Still, while the LKAB experiences from the 1970s in part support the hypothesis that investments in projects that support broader societal goals but typically at the expense of firm productivity may be more prevalent in the presence of strong state involvement (see Radetzki 1985 and below), they also illustrate that even state-owned mineral enterprises can be highly innovative and benefit from substantial R&D efforts. In other words, the character of the ownership may not be the decisive factor for a mining company’s competitive strength, but rather the ways in which the ownership and the management of the mining operations are pursued.

Second, earlier research has illustrated how contemporary sustainability transitions can learn from examining the challenges encountered—as well as strategies employed—during earlier structural change processes (e.g., Meadowcroft 2011). During the 1970s, Swedish industry faced a need for modernization and structural rationalization, and similar challenges are faced today combined with a demand for higher energy efficiencies and the development of less carbon-intense technology (e.g., IVA 2013). Moreover, the 1970s was formative for industrial energy-related R&D. The increased energy prices had major impacts on countries’ entire energy systems (Kander et al. 2013; McNeill 2000). Several industry strategies and policy instruments were implemented, thus providing opportunities for important lessons. In Sweden, the strategies adopted relied on a strong emphasis on the central state as an important driving force in the energy transition, e.g., in providing funding for development activities (Bergquist and Söderholm 2016). In other words, learning about the strategies pursued by LKAB to manage the oil crises of the 1970s should be of great interest for both contemporary policy makers as well as for representatives of energy-intensive industrial companies.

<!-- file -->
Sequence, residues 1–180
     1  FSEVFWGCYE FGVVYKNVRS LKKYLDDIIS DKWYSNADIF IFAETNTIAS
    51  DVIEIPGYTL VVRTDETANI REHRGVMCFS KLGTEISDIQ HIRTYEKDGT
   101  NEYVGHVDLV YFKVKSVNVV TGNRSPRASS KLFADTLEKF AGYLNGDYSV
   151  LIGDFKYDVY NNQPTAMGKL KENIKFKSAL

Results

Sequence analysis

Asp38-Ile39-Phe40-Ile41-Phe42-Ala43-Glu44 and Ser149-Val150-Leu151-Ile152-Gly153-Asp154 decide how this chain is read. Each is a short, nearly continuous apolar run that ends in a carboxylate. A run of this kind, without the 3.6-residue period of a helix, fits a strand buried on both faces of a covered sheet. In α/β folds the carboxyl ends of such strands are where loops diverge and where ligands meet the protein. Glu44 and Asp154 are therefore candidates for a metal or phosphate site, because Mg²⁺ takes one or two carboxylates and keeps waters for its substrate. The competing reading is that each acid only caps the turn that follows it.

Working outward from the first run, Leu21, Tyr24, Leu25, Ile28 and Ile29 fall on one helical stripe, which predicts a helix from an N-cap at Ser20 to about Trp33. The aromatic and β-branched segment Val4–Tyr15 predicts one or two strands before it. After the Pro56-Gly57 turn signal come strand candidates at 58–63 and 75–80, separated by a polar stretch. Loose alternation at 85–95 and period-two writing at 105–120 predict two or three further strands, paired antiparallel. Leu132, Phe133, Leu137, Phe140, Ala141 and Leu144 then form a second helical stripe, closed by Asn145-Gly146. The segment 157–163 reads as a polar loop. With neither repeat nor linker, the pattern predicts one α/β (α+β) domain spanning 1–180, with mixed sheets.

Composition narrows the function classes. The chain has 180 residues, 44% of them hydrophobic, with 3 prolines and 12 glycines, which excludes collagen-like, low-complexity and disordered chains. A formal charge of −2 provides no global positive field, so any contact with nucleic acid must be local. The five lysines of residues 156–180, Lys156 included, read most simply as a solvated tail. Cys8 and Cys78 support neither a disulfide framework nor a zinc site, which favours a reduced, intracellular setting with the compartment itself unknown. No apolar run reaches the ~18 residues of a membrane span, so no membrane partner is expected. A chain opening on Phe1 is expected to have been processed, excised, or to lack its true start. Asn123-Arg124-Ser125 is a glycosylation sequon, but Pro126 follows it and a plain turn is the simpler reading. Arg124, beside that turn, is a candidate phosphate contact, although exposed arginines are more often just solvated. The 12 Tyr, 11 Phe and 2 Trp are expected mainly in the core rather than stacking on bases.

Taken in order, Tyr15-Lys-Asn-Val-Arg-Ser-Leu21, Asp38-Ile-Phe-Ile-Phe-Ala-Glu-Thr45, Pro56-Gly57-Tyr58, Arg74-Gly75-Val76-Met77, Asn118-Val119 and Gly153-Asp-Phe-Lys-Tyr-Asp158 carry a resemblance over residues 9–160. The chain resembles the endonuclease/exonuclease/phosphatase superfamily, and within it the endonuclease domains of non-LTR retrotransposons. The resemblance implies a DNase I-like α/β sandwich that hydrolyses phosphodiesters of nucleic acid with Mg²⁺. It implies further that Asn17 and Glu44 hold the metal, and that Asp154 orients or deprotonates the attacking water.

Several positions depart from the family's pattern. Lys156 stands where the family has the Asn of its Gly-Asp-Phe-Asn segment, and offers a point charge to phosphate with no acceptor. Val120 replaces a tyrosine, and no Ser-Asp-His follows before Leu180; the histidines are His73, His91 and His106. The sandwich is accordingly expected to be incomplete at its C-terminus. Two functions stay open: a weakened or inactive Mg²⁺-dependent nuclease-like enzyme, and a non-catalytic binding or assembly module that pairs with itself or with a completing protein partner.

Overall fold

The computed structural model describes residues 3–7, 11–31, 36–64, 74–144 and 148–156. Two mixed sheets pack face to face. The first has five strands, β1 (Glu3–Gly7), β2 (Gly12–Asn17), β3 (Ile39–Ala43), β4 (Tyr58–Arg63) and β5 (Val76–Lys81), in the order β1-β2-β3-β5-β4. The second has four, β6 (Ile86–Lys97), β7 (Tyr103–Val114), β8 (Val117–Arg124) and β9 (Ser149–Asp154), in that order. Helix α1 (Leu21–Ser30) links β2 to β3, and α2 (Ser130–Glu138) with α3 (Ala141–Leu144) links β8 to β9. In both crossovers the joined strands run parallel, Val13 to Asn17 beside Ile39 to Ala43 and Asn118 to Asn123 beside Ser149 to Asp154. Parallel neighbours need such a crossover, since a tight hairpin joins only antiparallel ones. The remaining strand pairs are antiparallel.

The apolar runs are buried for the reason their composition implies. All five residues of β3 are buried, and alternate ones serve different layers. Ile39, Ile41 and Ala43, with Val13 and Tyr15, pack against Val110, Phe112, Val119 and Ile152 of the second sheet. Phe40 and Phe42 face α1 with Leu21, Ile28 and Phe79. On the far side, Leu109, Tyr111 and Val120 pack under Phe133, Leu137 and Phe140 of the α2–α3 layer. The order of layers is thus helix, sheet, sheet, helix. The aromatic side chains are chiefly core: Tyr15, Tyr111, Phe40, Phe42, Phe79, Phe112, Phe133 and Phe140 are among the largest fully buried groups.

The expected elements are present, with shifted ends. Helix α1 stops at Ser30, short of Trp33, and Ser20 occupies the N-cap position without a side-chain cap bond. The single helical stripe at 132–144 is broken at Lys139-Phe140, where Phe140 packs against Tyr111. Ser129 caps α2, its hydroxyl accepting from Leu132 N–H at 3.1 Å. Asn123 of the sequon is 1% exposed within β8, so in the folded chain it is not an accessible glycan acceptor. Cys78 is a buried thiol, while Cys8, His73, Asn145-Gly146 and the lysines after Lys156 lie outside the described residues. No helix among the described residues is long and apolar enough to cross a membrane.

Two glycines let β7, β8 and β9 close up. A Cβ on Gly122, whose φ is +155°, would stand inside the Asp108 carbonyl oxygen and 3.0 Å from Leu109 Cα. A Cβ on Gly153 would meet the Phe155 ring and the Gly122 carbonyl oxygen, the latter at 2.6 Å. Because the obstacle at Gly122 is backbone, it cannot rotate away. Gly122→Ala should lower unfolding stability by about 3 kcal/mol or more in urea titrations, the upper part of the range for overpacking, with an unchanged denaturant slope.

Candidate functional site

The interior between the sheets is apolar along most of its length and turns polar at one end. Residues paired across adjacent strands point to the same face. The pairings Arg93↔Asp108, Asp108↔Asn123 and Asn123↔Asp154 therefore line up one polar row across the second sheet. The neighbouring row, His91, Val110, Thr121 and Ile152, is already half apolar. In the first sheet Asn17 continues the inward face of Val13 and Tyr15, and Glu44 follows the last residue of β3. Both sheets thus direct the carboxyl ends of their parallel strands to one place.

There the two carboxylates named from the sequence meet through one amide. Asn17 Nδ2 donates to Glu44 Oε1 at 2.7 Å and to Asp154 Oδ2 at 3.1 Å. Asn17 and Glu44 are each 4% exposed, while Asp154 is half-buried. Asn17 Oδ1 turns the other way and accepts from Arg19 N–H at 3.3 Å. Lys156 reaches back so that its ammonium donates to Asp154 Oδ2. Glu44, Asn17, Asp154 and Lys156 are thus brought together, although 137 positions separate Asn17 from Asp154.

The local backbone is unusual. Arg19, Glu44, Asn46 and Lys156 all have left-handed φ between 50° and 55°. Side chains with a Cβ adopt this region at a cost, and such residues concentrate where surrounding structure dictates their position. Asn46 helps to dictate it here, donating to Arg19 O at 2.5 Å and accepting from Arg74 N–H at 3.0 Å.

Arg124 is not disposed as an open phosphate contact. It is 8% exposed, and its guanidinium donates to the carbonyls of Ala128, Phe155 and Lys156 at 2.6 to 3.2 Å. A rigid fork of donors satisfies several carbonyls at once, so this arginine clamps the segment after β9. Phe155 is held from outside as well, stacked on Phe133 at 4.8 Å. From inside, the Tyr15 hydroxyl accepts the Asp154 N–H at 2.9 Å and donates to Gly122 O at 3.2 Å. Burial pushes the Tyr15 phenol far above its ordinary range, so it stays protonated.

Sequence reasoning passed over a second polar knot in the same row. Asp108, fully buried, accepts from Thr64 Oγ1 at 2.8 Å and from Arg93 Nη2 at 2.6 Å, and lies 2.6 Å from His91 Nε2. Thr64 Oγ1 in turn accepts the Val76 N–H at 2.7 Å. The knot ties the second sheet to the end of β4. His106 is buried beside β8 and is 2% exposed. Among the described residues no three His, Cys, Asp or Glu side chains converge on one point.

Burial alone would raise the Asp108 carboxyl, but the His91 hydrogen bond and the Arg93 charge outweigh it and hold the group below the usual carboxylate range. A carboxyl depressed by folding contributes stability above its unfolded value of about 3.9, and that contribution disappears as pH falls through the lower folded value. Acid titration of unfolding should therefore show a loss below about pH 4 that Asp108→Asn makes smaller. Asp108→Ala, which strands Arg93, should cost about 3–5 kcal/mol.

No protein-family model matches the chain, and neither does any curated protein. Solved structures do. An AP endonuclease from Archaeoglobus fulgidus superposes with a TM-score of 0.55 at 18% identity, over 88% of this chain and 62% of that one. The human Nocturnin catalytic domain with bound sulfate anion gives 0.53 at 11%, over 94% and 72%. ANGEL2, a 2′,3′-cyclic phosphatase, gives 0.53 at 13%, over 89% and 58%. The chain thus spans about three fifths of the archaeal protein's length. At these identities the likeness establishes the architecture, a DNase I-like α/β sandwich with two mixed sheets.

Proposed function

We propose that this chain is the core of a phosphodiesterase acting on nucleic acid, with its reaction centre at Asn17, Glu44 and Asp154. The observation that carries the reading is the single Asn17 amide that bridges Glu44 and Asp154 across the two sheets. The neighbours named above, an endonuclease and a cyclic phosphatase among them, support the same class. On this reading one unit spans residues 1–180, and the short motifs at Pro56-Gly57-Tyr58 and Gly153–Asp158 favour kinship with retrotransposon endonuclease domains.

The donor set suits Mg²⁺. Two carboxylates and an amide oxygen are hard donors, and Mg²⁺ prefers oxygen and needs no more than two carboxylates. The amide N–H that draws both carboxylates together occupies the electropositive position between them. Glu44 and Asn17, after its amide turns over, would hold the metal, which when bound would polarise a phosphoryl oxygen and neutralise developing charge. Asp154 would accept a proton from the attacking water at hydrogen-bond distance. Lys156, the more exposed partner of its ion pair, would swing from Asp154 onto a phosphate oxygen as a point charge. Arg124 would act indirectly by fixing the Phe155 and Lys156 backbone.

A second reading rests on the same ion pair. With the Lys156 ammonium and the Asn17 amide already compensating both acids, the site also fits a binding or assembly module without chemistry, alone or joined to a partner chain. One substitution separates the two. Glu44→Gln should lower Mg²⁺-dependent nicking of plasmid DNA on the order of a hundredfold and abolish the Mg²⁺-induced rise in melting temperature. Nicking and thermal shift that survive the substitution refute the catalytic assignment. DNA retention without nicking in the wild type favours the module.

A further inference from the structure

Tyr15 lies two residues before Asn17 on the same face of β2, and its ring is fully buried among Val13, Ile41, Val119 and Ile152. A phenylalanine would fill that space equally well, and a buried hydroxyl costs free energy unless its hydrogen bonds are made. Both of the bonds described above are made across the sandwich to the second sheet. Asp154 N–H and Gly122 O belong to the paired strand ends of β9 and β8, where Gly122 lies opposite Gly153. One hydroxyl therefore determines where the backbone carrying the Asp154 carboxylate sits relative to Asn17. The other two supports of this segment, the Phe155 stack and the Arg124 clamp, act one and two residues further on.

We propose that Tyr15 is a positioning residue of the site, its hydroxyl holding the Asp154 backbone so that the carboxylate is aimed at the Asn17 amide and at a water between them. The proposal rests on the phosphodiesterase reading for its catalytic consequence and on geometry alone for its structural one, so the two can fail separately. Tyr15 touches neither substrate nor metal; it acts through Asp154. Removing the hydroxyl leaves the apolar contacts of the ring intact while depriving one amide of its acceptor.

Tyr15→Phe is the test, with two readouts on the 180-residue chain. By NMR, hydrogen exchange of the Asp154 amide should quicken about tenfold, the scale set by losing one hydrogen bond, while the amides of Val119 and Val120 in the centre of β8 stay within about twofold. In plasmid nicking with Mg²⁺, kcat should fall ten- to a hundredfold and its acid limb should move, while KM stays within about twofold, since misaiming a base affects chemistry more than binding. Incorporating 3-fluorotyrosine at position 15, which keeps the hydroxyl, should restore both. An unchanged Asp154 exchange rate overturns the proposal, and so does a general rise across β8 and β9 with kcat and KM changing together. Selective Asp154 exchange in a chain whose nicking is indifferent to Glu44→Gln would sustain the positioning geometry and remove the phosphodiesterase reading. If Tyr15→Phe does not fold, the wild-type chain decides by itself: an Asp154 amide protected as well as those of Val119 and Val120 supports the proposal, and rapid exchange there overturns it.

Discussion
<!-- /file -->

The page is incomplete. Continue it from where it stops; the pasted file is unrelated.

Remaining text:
The paper proceeds as follows: In the next section, we briefly review the literature on the behavior and the nature of state-owned mineral enterprises. This is followed by a description of the methodology adopted, including the source material used. The empirical investigation is divided into four separate sections. The first provides a short technical background to the production processes of LKAB, while the second summarizes the energy-related activities of the company prior to the advent of first oil crisis in 1973. The remaining sections review and discuss the two main strategies used by LKAB to address the dual challenge of stagnating iron ore demand and soaring energy costs: securing energy supplies (and revenues) through energy supply diversification on the one hand and energy-saving measures and product development on the other. A final section concludes the paper.

State-owned mineral enterprises: inefficient or innovative?

Radetzki (1985)—and more recently Radetzki and Wårell (2017)—analyzes the importance of state-owned enterprises in the international mineral markets. These studies report and discuss the often sizeable shares of global production that these account for (see also Raw Materials Group 2011). In large parts, they also discuss the presence of significant differences in market behavior between state-owned companies and privately owned enterprises.

One of the most striking features of a state-owned enterprise is the presence of multiple objectives; the joint goals of profit maximization and operational efficiency are typically subordinated to the pursuit of a broader set of political goals and/or agendas (e.g., security of supply, regional development, job creation, satisfying the interest of powerful lobby groups, etc.). In terms of investment behavior, the government may require state-owned enterprises to pursue investments in projects that may not be commercially viable but that instead satisfy national strategic interests. This will risk crowding out more productive investment projects, thus reducing the overall profitability of the company.